By Holly Dutton
Looking out at a stunning view of Central Park from the 39th floor of Vornado’s 888 7th Avenue, home to Corcoran’s West Side offices, Dan Douglas points to the row of stately apartment buildings lining Central Park West.
“See that street there?” he says. “That’s where we specialize.”
Douglas and his wife, fellow Corcoran broker Eileen LaMorte, are a match made in real estate heaven.
Both senior vice president brokers with the Corcoran Group, the twosome brings together backgrounds in art history, architecture and the fine arts that serve them well in helping high-profile clients find homes.
An expert on Central Park West, Douglas points out classic apartment buildings like the Emery Roth-designed Art Deco El Dorado tower “Which kind of looks like Batman” and the San Remo, with its two Greek temple-like towers.
Douglas helped found Corcoran’s Upper West Side office in 1986, where he first met LaMorte. After many years working together, they married in 2007.
Before real estate, LaMorte, a Westchester native, had been following a passion for art and studied design at FIT, landing a job at an architectural and interiors firm after graduating.
Douglas came into real estate after spending years as a professional actor. He was part of the original Broadway Grease cast, and minor roles in classic New York City films like Dog Day Afternoon and Serpico.
Though he majored in art and architectural history as an undergrad at Princeton, Douglas was always most interested in acting.
While earning a Masters degree at Harvard, he was good friends with actor Tommy Lee Jones, with whom he shared the stage as fellow theatre students. He later traveled to London and performed Shakespeare with actor John Lithgow (who he later sold an apartment to at The Kenilworth on Central Park West) as fellow Fulbright Scholars.
“Everything you do helps in real estate, because you never know what’s going to happen,” said Douglas.
“We meet every kind of person, so it’s great to have had many lives before, which we both kind of had, and we both draw upon,” said LaMorte. “We try to use our creative backgrounds to be creative in helping someone not miss out on something.”
But Douglas has talents behind the scenes as well.
He is an avid photographer, and has taken portraits of many high-profile celebrities, including astrophysicist Neil Degrasse Tyson, The Blind Side author Michael Lewis, and Nobel Prize-winning economists Paul Krugman and Joseph Stiglitz.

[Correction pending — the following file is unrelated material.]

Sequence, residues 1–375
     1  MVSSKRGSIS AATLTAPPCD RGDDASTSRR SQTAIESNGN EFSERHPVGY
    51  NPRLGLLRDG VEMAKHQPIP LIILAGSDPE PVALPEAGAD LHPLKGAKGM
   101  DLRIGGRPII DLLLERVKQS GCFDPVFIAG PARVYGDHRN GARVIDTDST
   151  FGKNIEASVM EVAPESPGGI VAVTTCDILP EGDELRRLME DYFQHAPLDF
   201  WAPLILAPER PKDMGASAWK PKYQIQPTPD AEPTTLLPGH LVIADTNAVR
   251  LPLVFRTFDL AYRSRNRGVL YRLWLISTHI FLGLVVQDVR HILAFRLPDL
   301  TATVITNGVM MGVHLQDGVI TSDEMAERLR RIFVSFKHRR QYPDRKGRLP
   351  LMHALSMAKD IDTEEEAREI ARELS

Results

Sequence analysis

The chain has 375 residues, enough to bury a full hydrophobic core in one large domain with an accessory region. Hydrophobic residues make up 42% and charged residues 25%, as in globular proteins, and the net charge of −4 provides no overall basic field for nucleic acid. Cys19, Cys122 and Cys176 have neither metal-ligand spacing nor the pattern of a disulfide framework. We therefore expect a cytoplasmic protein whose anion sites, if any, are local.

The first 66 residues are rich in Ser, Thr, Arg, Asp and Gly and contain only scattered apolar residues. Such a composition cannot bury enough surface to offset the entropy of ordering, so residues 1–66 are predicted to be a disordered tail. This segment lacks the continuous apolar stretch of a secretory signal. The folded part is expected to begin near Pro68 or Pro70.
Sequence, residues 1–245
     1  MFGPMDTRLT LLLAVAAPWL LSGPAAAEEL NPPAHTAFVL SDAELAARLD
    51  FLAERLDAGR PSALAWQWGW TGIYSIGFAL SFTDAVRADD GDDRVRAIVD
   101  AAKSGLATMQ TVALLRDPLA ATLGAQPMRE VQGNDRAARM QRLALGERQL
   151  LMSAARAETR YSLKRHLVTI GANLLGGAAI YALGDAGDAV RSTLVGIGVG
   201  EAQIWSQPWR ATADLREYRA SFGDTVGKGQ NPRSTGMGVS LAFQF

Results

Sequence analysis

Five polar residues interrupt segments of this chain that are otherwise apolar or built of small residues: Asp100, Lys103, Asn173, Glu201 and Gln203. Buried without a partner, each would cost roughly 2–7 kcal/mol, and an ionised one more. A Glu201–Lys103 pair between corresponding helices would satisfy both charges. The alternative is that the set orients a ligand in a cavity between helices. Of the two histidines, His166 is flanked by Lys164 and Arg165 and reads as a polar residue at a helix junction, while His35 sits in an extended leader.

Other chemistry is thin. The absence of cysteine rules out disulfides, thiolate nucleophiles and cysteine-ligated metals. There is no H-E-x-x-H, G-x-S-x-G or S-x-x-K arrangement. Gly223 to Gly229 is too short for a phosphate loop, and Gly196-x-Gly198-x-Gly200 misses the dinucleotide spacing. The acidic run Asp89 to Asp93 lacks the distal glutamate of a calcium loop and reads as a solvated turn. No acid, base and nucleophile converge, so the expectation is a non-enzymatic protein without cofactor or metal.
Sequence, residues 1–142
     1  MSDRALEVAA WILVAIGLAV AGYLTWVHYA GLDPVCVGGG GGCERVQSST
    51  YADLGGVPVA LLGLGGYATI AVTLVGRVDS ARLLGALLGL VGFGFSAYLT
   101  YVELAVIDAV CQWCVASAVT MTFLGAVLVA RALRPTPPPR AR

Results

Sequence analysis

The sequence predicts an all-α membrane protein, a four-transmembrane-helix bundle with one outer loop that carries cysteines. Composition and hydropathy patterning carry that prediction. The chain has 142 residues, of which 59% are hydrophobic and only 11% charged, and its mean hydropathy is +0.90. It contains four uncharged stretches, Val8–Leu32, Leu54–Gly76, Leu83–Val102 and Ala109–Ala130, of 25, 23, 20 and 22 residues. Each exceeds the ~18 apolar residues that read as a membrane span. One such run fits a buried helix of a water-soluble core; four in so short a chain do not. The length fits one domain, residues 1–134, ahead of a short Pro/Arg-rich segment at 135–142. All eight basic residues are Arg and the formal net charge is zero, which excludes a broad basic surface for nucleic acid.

“It’s great to have other interests that give you joy and keep you positive,” said LaMorte, who is also a talented cartoonist, an art she said she employs to alleviate frustration.
“Having a sense of humor is key,” she said, “especially in real estate.”
An keen cyclist, LaMorte once spent a summer as a bike messenger in an effort to become an expert on city streets and “to go in every building and know the city.”
Seeing Manhattan from a bicycle seat was “enlightening” and, needless to say, she is now a big tipper of bike messengers.
Douglas and LaMorte have both been with Corcoran for more than 20 years, and there’s a reason for that.
“The company gives us tools to do a better job,” said LaMorte. Though she applied and was offered jobs at several big firms, she chose Corcoran because she “connected with the energy and vibeˮ of the firm.
In 1986, company founder Barbara Corcoran asked Douglas to help open the firm’s Upper West Side office. He moved from 645 Madison to the “Wild Wild West,” and a modest office at 200 72nd Street where he worked with just two other agents.
Now, the duo’s home base at 888 7th Avenue affords them a jaw-dropping view and a global outreach.
“Real estate hasn’t changed since ancient Sumeria,” said Douglas, referring to the prehistoric people credited with building the earliest communities and creating a “land of civilized kingsˮ in what is today modern Iraq.
“People are always looking for a house and somewhere to live.”